Here’s Everything You Need to Know About the Latest Grayscale-SEC Developments
Michael Sonnhenshein defends Grayscale’s lawsuit against the SEC — and GBTC’s “exorbitant” fees.
After Grayscale presented its first oral arguments in its lawsuit with the Securities and Exchange Commission (SEC) on Tuesday, CEO Michael Sonnenshein walked away feeling “very encouraged.”
The executive spoke on Wednesday about the crux of Grayscale’s argument and why the SEC’s refusal to approve a Bitcoin spot ETF is “arbitrary and capricious.”
The Relationship Between Bitcoin Futures and Spot
During an interview with CNBC on Wednesday, Grayscale’s CEO echoed his company’s central case: the SEC continues to approve Bitcoin futures ETFs while denying Bitcoin spot ETFs.
After approving the first Bitcoin futures ETF in October 2021, the SEC has denied various spot ETF applications — including Grayscale’s — claiming an inability to detect fraud an manipulation in those markets.
Grayscale, meanwhile, has contended that a surveillance sharing agreement with the regulated CME Bitcoin Futures market should suffice — which boasts a 99.9% correlation rate with the Bitcoin spot price.
“We’ve been consistent throughout this process: the ETF application, the litigation, the oral arguments,” said Sonnenshein. “We’re hopeful that the court will be persuaded by those arguments.”
On Tuesday, the SEC argued before the appeals court that there wasn’t enough evidence that the futures market accurately reflected potential spot market manipulation — but the judges were skeptical of their claims. The market interpreted the hearing as a win for Grayscale, with GBTC — the firm’s gigantic Bitcoin Trust– pumping roughly 16% since it took place.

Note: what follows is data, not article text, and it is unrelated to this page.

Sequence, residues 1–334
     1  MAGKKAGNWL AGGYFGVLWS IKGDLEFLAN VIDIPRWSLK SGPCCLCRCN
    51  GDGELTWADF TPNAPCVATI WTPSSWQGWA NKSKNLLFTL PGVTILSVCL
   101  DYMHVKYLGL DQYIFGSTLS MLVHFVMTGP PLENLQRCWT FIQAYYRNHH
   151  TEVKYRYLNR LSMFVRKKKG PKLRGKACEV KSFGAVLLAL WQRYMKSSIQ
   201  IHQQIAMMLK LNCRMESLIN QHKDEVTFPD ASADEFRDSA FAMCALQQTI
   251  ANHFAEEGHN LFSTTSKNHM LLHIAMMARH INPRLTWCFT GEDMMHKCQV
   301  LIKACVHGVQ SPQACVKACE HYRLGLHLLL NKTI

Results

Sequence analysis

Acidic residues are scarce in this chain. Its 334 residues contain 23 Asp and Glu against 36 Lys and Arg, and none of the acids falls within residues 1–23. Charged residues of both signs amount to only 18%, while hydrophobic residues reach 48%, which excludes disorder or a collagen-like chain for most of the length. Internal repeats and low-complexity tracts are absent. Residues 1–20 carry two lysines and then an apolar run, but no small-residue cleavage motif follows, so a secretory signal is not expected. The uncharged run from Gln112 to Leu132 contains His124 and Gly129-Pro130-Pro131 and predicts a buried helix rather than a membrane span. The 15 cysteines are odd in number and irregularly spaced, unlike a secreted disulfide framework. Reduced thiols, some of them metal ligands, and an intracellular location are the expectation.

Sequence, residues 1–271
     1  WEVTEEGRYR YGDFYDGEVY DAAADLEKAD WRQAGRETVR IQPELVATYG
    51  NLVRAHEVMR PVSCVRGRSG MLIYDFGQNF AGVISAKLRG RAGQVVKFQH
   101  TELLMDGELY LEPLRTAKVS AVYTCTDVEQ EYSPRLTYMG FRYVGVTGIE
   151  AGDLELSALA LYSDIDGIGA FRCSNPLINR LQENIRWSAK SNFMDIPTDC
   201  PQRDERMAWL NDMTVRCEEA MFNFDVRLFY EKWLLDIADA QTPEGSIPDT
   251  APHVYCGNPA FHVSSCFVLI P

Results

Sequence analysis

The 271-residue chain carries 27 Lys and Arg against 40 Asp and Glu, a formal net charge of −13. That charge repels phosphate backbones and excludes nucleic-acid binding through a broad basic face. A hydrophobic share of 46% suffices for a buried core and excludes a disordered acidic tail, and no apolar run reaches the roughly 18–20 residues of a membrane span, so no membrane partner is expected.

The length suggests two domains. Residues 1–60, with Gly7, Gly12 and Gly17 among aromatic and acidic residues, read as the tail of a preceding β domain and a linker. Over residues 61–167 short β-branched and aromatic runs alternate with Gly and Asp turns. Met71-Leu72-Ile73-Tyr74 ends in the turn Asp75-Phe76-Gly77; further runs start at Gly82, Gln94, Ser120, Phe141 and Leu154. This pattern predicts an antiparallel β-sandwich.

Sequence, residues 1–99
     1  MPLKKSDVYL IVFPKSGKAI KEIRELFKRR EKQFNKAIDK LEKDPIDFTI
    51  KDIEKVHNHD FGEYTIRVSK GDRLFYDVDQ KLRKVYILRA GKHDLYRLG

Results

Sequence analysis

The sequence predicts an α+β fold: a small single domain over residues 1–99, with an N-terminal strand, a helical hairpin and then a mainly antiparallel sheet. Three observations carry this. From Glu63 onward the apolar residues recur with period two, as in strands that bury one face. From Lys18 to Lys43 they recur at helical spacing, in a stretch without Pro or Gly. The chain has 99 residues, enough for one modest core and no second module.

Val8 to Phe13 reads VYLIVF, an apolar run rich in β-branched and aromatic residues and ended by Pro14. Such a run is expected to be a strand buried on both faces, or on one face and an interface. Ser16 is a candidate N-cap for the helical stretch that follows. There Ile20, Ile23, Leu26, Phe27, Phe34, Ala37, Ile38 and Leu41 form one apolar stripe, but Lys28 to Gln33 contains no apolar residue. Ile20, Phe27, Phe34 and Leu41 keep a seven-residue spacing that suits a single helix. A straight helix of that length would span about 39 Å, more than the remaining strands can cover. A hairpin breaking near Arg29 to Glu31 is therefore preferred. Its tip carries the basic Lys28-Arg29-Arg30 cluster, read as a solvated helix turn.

Sonnenshein has fought for years to convert that trust into a Bitcoin Spot ETF, which would allow GBTC shares to precisely track Bitcoin’s price. Some have claimed that more regulation of the crypto industry is needed before the transition can take place — but Sonnenshein rejected that premise:
“There is no new legislation required to bring GBTC further into the regulatory perimeter,” he told CNBC. “Bringing it to an ETF wrapper would further protect investors.”
The Alameda Lawsuit
While Grayscale launches its offensive against the SEC, the firm is being flanked with charges from Sam Bankman-Fried’s bankrupt crypto trading arm, Alameda Research.
In conjunction with the FTX Debtors, the firm demands that Grayscale make its GBTC shares redeemable for its underlying Bitcoin to help the bankrupt entity recover some of its lost assets within the fund. It also claimed that Grayscale violated its Trust agreements through “exorbitant” management fees, through which the fund has extracted over $1.3 billion.
Sonnenshein argued that the lawsuit was a “misguided complaint” and that GBTC’s high fees are due to the “constructs” around operating the investment vehicle, which are “different from equity-based products.”
“That’s the best long-term product structure, and ultimately the one that’s going to unlock the most value for investors, including folks like Alameda,” he said.